The average American wedding costs $30,000, according to The Knot, a popular wedding planning website.
That money could buy a nice new car or be a 20% down payment on a $150,000 home. It’s also more than many Americans earn in a year.
How do wedding costs get so out of hand? And what can you do to keep costs down when it’s your turn to tie the knot? I’m getting hitched in less than three months, so I’ve been thinking about this quite a bit. Here’s what I’ve found.
It’s ironic that most people I know (my wife and I included) always say things like “We don’t want a big wedding” and “It doesn’t have to cost much.”
But, as soon as you begin planning the big day, the costs add up. Some people call this hypocrisy, but many aspects of planning a wedding (and its costs) are out of the bride- and groom-to-bes’ hands. There’s that old truism that the wedding is not really about the people getting married. It’s about their families. Even if you don’t want to spend money on a fancy reception site/music/food/alcohol/etc., somebody involved may influence these decisions anyway.
Even if you maintain tight control over wedding decisions and costs, they add up. Unless you get married at city hall, you’ll probably want to add rings, clothes, and an officiant. Add a photographer, food for even a small number of guests, and a party, and your costs will be well over $1,000. And for every guest on the list, the costs add up.
Lauren and I were fortunate enough to have families that covered the largest of our wedding costs. That’s good, because the majority of our 160—yes 160—guests are extended family members. (If we had to foot the bill alone, we likely would’ve stuck with 40 close family and friends).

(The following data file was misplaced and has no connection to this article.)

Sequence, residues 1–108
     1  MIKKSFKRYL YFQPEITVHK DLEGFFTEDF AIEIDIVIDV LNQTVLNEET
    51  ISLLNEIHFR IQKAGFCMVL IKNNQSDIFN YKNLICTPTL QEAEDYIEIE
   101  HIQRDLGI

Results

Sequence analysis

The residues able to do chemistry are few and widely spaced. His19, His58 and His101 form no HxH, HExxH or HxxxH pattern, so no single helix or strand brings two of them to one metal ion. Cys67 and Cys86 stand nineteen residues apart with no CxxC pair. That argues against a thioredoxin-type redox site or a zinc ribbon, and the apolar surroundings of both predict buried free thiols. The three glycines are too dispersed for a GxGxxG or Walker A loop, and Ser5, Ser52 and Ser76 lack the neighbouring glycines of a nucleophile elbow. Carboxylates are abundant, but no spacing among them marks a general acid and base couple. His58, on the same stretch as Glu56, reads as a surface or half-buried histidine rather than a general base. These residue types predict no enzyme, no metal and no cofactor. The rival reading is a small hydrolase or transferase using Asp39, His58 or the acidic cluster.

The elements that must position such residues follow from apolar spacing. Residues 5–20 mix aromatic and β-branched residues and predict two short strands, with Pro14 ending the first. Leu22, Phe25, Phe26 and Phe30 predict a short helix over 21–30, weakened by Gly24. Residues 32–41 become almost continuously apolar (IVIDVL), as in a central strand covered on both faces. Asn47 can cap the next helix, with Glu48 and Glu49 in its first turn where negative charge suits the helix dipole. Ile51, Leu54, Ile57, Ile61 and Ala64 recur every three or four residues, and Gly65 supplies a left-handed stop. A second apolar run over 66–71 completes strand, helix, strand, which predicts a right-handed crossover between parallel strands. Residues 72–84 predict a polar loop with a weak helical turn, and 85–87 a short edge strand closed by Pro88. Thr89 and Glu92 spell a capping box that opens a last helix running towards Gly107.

Still, our out-of-pocket wedding costs were not insignificant. We paid for our rings, clothes, invitations, our band, and our photographer. (The latter two we considered optional, but were important to us). Undoubtedly, there will be more costs down the road.
In our research and planning, it’s easy to see why $29,000 is the average wedding cost. Consider, for example, this list of sample wedding costs. (This isn’t a model of our wedding, and it falls short of the average $30,000 wedding cost, but you’ll see how it adds up).
- Church/Officiant Fee: $500
- Reception Site Rental: $2,500
- Food: $40/plate x 100 = $4,000
- Photographer: $2,000
- DJ or Band: $1,500
- Flowers: $750
- Cake: $500
- Rings: $5,000 (Read more: How much should an engagement ring cost?)
- Dress/Tux: $500
- Open Bar: $3,500
- Total: $20,750
Obviously, this example isn’t for a cheap wedding, but for 100 people, it’s probably an average one. Any of the above costs can vary greatly based upon your choices, and could easily skyrocket. Some brides spend thousands on their dress alone.
And you can always save by trimming the guest list. Since we were limited there, here are a few ways we saved on our wedding:
- Lauren “stole” her dress; she found one that cost less than $300
- I bought my wedding ring from an online jeweler for half of what it costs at a retail jeweler (Read more: You can save on an engagement ring and/or wedding band)
- We had a relative make our wedding cake
- I bought a suit that I wear again and again rather than renting a tux; my groomsmen will most likely be able to wear outfits they already own
- We held our wedding reception in the early afternoon and followed it up with a BYOB after-party, which helped control alcohol costs